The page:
Switching to nerd mode 🤓, Bernoulli's principle of convergent & divergent designs is what affects velocity and pressure. With that, a chamfered TP on the breech side would be divergent by design and thus more pressure at the pellet. If one was to chamfer which chamfer angle would work best for the application with regards to the chosen gun/caliber....60 degrees? 40 degrees? If TP length and diameter are taken into account I "feel" that could be calculated. I'm just thinking out loud here so I'm not expecting an answer really. Just pondering on the forum LOL I don't have any maint tubes lying around that I can afford to practice with 😱 

The P1 for example has a TP with a 90 degree bend so on a recent build with that pistol, I didn't chamfer but I did hone out both ends on the order of some odd thousands so the ends are now bored out slightly larger. At the 90 degree point, it remains the same diameter because I obviously cannot reach that bend with a straight tool. So the compressed air reaches the first bored out section from the main tube, with more area to transfer the pressure then travels through the untouched smaller (convergent) 90 degree bend causing the velocity of the air to increase and pressure to drop, then it travels through the bored out section at the breech causing pressure to rise again at the pellet, -following Bernoulli's principle. (did I mention I was switching to nerd mode?) I'm getting 6.5fpe from my .177 P1 which is pretty darn good but not completely run in yet and has the Australian parachute seal, ....so long term results remains to be seen -or understood for that matter.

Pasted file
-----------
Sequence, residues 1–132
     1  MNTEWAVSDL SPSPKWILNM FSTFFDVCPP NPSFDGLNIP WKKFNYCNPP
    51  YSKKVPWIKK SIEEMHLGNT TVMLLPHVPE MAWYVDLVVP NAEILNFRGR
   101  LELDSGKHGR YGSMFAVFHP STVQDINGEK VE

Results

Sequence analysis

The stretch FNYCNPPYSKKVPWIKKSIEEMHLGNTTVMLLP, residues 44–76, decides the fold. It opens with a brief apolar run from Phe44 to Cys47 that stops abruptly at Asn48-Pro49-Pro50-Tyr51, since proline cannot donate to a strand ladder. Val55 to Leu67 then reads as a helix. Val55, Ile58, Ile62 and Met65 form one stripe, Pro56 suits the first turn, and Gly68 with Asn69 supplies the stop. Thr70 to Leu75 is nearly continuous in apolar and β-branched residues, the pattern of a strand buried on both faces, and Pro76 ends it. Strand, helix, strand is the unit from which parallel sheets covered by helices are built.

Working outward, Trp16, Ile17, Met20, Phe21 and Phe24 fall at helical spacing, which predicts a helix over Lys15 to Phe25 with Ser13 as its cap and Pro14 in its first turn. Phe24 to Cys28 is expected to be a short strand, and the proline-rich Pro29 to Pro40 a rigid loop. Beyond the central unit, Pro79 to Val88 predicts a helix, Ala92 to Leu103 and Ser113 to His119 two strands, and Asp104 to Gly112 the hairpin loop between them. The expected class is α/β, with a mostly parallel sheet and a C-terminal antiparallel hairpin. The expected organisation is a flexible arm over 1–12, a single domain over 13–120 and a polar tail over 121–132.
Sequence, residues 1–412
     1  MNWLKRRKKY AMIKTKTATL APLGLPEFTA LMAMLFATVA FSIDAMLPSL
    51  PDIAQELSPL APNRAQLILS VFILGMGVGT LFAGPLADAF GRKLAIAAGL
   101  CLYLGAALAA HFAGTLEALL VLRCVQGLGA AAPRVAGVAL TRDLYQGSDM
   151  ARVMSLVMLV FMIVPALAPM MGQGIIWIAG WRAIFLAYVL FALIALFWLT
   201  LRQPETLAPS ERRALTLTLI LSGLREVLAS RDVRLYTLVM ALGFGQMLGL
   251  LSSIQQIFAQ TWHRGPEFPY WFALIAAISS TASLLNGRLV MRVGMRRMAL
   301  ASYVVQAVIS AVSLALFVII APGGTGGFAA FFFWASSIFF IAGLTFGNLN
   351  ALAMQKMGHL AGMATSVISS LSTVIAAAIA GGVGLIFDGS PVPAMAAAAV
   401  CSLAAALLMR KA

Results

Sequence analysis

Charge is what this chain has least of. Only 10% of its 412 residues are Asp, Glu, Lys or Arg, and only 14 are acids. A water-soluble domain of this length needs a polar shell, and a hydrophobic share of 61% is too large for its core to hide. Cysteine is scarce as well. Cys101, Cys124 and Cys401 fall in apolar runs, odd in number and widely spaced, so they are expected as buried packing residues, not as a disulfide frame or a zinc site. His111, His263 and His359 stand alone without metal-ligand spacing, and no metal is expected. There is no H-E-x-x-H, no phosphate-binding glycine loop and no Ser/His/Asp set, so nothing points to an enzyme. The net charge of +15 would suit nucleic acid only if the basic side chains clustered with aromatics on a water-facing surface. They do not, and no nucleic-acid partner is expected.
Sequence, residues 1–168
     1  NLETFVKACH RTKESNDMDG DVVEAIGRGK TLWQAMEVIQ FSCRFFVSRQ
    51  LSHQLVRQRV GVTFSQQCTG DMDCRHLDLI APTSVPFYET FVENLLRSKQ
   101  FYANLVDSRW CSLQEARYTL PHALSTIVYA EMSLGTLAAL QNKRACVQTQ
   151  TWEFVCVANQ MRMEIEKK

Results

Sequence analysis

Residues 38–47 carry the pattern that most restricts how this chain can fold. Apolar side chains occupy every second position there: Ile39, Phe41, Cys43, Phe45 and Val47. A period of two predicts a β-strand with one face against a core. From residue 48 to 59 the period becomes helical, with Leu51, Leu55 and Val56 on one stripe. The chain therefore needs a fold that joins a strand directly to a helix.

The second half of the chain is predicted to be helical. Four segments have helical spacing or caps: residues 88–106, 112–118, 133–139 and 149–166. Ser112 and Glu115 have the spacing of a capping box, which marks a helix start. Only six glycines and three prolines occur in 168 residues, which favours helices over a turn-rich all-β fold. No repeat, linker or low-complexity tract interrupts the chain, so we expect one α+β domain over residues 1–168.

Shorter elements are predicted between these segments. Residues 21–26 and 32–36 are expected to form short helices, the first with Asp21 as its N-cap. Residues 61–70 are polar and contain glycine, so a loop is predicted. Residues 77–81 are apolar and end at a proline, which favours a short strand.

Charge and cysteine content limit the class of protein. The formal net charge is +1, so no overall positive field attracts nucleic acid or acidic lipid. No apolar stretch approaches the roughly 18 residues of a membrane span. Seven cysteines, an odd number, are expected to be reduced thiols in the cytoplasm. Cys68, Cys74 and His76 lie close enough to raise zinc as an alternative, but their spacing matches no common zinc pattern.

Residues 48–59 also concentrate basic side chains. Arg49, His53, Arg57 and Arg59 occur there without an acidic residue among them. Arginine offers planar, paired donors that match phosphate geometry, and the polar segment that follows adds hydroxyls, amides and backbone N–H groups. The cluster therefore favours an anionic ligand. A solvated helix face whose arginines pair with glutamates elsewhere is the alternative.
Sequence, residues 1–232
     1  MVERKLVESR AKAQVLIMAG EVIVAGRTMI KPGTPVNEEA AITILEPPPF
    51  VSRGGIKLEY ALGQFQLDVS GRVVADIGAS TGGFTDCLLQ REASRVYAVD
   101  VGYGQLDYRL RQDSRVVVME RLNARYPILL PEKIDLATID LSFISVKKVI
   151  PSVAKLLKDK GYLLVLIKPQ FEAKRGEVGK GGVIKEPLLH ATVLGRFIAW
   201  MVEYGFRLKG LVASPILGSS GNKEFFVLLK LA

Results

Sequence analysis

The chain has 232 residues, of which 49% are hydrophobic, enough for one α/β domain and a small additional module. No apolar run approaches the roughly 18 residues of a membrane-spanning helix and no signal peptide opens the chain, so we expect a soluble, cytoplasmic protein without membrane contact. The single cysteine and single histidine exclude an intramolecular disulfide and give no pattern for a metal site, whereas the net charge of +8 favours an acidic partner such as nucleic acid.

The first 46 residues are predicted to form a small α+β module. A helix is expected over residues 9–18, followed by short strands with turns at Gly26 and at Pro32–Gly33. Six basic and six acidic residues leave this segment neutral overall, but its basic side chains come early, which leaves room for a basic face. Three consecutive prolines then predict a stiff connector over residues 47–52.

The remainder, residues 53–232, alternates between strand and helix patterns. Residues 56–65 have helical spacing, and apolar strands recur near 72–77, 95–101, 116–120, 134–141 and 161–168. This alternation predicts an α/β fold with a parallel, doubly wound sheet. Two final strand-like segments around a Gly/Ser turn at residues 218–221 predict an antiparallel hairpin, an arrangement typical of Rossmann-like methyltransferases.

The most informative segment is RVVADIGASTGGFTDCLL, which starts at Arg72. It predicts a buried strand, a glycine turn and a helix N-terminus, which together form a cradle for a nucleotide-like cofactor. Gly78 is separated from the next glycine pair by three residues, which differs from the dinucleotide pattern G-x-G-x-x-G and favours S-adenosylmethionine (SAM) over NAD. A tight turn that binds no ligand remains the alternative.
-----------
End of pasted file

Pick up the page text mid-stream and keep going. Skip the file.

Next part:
Might be a crazy post but I can certainly see the great importance of TP design. Thank you for the link btw.

Posted by: @limbshaker

I do modify the ports on my 77/97s and get good results. 

What kind of mods did you do on your 77/97 if I may ask?


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Jim Bentley
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I believe that “if” a chamfer was to be used to an advantage it would be on the compression side. 


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bf1956
(@bf1956)
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That was my initial thought, I am here to learn. What brought this OP on was the recent return of a R9 .20 chopped, choked and crowned barrel. Upon reassembly and a couple hundred rounds of different pellets I get a remarkable group (1/2 in.). Then just like that it goes the complete opposite, don't matter the pellet. JSB,Benjamin, Webley and one other all performing stunning results then crap. I think I will change chamber seal see if that makes a diff. All connections good, even double checked. Prior to the mod I was shooting with a peep at spinners cans and what not. So really don,t recall prior accuracy.